By Leah Jones, Features Editor

Thousands marched in downtown St. Louis on Saturday to protest Donald Trump’s inauguration as president. The march was one of dozens of sister marches throughout the country, including in Washington, D.C. – Courtesy of Zach Lee/The Current

 

In preparation for an article I wrote for the previous issue of The Current, I was given the opportunity to speak with some educated, intelligent, and passionate people about the Women’s Marches on St. Louis and Washington, D.C. Both marches represent stands on important issues that cannot be ignored. Although I was personally excited supported the march and those who opposed it for various reasons. I wanted to ask questions about this dialogue and whether or not the march would actually be able to affect political change, or if it would amount to nothing more than a wasted Saturday afternoon of consolation and commiseration, after which people would return to their daily lives, having changed nothing.

In my experience, various prejudices are easy to see in other people but even easier to overlook in ourselves. A while back I studied on Long Island. Despite witnessing a plethora of Islamophobic slurs and insults there, one of the first things that most people asked me about Missouri, “People are really racist there, aren’t they?” This type of thinking permeates how we think about ourselves and our prejudices towards others. Nobody wants to admit to not being inclusive or ignoring others’ viewpoints, but at the end of the day, since many of these prejudices are encoded into laws and practices, we all participate for the march, I wanted to form the least biased opinion on the matter. I wanted to hear from both those who in the systems that perpetuate them. The point here is that, inevitably, we all hold some prejudices towards others. The only way to really come to terms with these beliefs is by talking to people of other positions and including those different voices and perspectives on your organizing board for events on inclusion and diversity, such as the Women’s Marches across the country.

This leads into the second issue that persistently plagued me while I wrote the article. I say that we should talk to each other, as did pretty much everyone else that I spoke with about the event. But as divided as we have become, that proved very difficult. I tried to find people who might oppose the march but, as with after the election, I realized that I do not have many friends or people to whom I can reach out and talk to who are of the opposite ideological and political persuasion. I know some people with opposing beliefs, but we do not talk about those beliefs. And this is a problem.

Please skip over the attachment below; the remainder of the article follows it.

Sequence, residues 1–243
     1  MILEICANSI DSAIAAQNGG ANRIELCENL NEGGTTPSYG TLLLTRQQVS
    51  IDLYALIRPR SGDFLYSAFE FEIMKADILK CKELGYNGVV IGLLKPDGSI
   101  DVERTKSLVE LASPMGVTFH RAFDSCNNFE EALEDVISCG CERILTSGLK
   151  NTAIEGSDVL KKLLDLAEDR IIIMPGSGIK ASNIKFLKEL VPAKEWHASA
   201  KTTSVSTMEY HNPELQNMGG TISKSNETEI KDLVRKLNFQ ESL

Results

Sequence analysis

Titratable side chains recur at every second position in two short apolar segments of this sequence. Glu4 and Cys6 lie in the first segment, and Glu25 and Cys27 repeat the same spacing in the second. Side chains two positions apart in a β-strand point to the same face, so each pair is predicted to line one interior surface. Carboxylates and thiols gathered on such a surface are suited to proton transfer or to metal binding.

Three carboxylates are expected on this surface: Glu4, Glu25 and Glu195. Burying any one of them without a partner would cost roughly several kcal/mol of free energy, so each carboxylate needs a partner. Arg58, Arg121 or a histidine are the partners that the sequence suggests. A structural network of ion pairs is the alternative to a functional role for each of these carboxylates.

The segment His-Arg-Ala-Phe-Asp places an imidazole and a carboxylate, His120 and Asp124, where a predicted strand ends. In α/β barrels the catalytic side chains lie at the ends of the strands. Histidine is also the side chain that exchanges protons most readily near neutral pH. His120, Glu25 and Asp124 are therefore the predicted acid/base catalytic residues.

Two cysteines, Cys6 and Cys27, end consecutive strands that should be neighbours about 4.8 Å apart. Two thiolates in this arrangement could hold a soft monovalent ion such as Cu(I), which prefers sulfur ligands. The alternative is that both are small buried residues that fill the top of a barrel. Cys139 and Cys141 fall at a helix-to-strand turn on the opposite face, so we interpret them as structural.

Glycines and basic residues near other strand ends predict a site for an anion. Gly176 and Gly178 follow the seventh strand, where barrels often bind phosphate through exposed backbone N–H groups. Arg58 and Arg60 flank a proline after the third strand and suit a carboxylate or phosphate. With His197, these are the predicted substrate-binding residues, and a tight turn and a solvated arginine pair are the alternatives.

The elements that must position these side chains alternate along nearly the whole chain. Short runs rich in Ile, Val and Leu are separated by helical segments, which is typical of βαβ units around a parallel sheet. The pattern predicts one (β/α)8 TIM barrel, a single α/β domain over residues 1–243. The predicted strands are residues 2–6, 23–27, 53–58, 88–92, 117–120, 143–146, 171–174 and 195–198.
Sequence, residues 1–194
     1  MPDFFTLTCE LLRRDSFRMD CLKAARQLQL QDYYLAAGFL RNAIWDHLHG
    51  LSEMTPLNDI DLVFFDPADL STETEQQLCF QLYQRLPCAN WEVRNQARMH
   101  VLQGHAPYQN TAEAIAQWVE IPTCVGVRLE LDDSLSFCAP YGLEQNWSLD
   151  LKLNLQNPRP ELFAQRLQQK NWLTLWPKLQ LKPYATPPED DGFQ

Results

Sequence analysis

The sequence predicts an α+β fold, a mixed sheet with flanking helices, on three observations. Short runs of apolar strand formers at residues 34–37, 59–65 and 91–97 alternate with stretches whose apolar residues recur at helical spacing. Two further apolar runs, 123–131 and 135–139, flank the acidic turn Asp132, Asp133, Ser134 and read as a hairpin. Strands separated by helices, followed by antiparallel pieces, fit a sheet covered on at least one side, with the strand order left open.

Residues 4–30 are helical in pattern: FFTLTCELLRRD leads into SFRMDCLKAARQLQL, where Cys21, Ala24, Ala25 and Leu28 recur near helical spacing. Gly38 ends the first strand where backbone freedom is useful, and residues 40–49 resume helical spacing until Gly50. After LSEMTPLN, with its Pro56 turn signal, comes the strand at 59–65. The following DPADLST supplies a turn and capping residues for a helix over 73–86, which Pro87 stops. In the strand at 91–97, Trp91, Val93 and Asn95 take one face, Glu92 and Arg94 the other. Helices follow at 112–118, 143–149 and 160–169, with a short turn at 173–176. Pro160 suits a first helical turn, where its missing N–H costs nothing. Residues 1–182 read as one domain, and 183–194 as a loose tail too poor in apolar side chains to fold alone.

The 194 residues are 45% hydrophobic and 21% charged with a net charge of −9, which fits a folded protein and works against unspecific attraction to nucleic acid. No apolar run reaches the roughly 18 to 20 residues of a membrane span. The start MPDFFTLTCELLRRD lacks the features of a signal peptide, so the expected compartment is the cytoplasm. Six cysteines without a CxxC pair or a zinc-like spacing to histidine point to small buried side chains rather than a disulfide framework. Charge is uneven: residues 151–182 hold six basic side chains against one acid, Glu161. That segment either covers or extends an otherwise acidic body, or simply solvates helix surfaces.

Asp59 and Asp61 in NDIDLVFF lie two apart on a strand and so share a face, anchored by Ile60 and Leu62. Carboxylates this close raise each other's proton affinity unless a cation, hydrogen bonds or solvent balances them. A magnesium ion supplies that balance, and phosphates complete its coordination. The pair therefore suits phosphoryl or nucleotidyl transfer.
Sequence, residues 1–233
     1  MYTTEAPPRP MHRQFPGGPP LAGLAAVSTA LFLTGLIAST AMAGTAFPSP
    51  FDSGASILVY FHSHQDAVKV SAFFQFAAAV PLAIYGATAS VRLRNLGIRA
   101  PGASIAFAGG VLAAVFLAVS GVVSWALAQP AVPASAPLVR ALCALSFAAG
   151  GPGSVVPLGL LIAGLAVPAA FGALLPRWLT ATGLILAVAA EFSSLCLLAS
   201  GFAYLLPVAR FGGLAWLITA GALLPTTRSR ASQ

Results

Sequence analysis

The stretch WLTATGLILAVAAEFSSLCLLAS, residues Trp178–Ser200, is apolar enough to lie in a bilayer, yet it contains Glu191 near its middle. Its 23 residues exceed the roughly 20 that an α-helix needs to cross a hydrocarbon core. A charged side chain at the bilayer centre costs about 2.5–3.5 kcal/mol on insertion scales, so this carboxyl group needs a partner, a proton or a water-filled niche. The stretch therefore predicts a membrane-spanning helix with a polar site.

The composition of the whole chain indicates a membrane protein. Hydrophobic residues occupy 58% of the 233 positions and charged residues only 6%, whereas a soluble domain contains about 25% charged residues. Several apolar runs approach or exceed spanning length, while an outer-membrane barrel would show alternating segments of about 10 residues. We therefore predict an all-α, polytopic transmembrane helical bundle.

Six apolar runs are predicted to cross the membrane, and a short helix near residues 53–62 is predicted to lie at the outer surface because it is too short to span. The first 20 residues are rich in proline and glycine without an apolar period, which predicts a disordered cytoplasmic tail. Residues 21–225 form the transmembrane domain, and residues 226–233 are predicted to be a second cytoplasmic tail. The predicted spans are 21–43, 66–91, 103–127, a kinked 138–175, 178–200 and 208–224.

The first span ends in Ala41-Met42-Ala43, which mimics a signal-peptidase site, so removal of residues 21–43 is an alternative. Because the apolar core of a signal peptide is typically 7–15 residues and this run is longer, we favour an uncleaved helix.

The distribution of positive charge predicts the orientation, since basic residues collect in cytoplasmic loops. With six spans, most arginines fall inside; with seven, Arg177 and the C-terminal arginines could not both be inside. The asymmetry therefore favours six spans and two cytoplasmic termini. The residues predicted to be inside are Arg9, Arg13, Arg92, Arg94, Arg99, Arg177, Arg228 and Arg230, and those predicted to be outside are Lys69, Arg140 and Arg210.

In one particularly disappointing exchange, I asked my roommate to get in touch with his boss, a Trump supporter and somebody who opposed the women’s march. I was unfortunately unable to pursue this exchange since my roommate did not want me to publish an article using his boss’s name. If people found out that his boss opposed the march and supported Trump, he reasoned, his business might suffer.

This sort of anecdote demonstrates some of what is causing the divide in our nation. Some people are so entrenched in their own beliefs that they come to their conclusions before actually stopping to think through their beliefs. However, even the people that are willing to look at the reasoning underlying their beliefs often feel threatened by potential reactions from opponents. People do not want to say what they think or talk about their beliefs or political opinions because they fear the repercussions. We cannot talk about things that people are too afraid to acknowledge. And this is a problem.

At the same time, I understand the urge to react impulsively. As a woman, a vote for Trump feels like a vote saying that it is okay for men to grope me. A vote for Trump feels like it devalues me personally. It feels like it says that I, and my safety, security, and well-being, do not matter. Though I cannot speak definitively for other groups, I would imagine that those whom Trump demeaned with his rhetoric feel similarly. It is difficult to generate a real conversation about important topics when it feels like the other party has no regard for me as a person. It is hard to talk to someone to whom I do not matter. Like my roommate’s boss, I feel threatened coming to these conversations.

Even if I get over my own personal feelings about not being valued by the other speaker, the other thing that I must deal with in these conversations would be the other party’s acceptance of hatred and bigotry. I could talk about policy, economics, and the like with the other side, but I think that an acceptance of the Trump administration is also an acceptance of the hateful rhetoric used in the past election cycle.

I think that the sort of solidarity shown at the Women’s March should not prevent conversation with the other side. This is difficult, however, given the level of animosity that exists between those of opposite political viewpoints. Quite frankly, this scares me almost as much as the incoming administration.

With all of that being said, if you do support the current administration, I would love to talk to you and get your viewpoint on things. Please feel free to reach out to me through The Current.